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Page:Dictionary of National Biography volume 42.djvu/302

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Osborne
Osborne
296


post jointly on Osborne and Sir Thomas Lyttelton (Pepys, Diary, iv. 41). On 5 Nov. the two new treasurers kissed the king's hand, and Charles genially expressed his confidence that he would be safe in their hands. On the same day Pepys saw Osborne for the first time, and noted that he was 'a comely' gentleman ' (ib. iv. 47). In September 1671 Osborne quarrelled with his coadjutor on some official detail. The matter was brought to the notice of the council. Lyttelton was dismissed, and Osborne was reappointed sole treasurer of the navy (Hatton Correspondence, ii. 61-71). On 2 Feb. 1673 he was created Viscount Osborne of Dunblane in the Scottish peerage, and on 3 May 1673 he became a privy councillor. But a greater dignity was in store for him. Next month Clifford, the lord treasurer and chief of the Cabal ministry, was forced to resign. Buckingham pointed to Osborne as his successor, and the suggestion was adopted by the king. Accordingly, on 19 June 1673, Osborne became lord high treasurer of England and chief minister of Charles II. On 16 Aug. he was made Baron Osborne of Kiveton and Viscount Latimer of Danby in the English peerage, whereupon he resigned his Scottish title to his son Peregrine, he selected the title of Lord Latimer on account of his mother's dosoont from John Neville, fourth lord Latimer, who died in 1577. 'There was some grumbling at his choice amongst the ducal Family of Northumberland,' whose subordinate honours included the same title (Letters to Sir Joseph Williamson, pp. 63, 157). On 17 June 1674 he was promoted to an Earldom, naming himself Earl of Danby, after the estate of Danby (in Cleveland) which was formerly a possession of the baronial family of Latimer, and had already given a title to his granduncle, Henry Danvers (Ord, Cleveland, p. 330). In the same year he was made lord lieutenant of the West Riding of Yorkshire and a Scottish privy councillor. In 1()77 he was created K. G. Soon after receiving the treasurer's office, he acquired Wimbledon House, Surrey, of George, lord Digby, and spent all his leisure there, living in considerable state.

For the live years from 1673 to the end of 1678, during which Danhy remained lord treasurer, the government of the country lay mainly in his hands. Accepting without question the standard of morals recognised by all contemporary politicians, he endeavoured to keep the House of Commons in subjection by a liberal administration bribes. But according to Burnet, he unwisely confined his gifts of corruption to the less prominent members of parliament. He certainly gathered about him men of small capacity, and lived in a jealous fear that if he extended his patronage to persons of genuine ability, they might depress his influence by 'gaining too much credit with the king.' With Lauderdale, almost alone among the eminent politicians of the day, did he maintain confidential relations, and he apparently made it his ambition to emulate Lauderdale's despotic methods of rule (Lauderdale Correspondence, iii. 126; cf. Dialogue between Lauderdale and Danby, 1680? in Roxhurghe Ballads, iv. 91). At the same time he endeavoured to improve his own financial prospects by none too scrupulous methods. He was not a rich man. In 1669 it was said that he had less than 1,200l. a year, and that his debts exceeded 10,000l. (Pepys). He was obviously in embarrassed circumstances on becoming treasurer. According to Reresby, he made a corrupt bargain with Buckingham by which he undertook to pay his predecessor, Clifford, half his salary. Another authority states that he was to give Clifford 4,000l. a year (Letters to Williamson, p. 48). His wife was reported to encourage him in his love of money, and soon drove, with 'his participation and concurrence,' a private trade in offices, after the manner of Elizabeth, duchess of Lauderdale [see Murray, Elizabeth] (Rekesby ; Henry Sidney's Diary, ed. Blencowe, i. 6; Marvell, Works, ed. Aitken, vol. ii.)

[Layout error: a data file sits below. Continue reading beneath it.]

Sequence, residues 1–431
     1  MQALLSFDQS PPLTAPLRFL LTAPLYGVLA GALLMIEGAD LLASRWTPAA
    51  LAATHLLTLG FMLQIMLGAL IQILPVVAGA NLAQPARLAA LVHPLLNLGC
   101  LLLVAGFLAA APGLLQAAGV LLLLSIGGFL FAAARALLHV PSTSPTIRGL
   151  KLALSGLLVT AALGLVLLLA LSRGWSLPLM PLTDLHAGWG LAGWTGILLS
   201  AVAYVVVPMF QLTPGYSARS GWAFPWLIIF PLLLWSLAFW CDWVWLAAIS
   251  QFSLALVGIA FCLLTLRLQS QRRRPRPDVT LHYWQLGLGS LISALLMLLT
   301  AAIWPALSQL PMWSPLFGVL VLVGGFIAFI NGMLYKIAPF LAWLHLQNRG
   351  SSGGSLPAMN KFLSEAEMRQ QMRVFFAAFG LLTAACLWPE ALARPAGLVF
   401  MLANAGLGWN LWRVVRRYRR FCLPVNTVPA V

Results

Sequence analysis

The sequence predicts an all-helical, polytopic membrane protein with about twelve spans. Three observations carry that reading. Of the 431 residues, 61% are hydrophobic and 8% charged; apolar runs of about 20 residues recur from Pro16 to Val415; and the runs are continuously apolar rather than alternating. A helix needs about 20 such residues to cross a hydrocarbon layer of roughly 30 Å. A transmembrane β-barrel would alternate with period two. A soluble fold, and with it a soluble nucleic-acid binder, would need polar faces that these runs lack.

But although 'greedy of wealth and honours, corrupt himself, and a corrupter of others,' Danby did not wholly lack political principle. He took for granted, like all the old cavaliers, that the country demanded an absolute monarch. But as a zealous protestant, he declined all conciliatory relations with the church of Home; nor was he less anxious to counteract the aggrandisement of France, and secure for England an influential place in the councils of Europe. He wished, too, to maintain the country's financial credit, and to pay public creditors with regularity. Somewhat similar aims had been expressed in a book called 'The present Interest of England Stated' (1672), and another anonymous pamphleteer had thereupon issued 'A Letter to Sir Thomas Osborn . . . upon the reading of [that book].' Osborne was there credited with an anxiety to render English trade more extensive than that of any other nation.

As the minister of Charles II, Danby could not act with a free hand, and much diplomacy on his part was needed to give effect to any of his views. One of his first efforts at domestic legislation met with egregious defeat.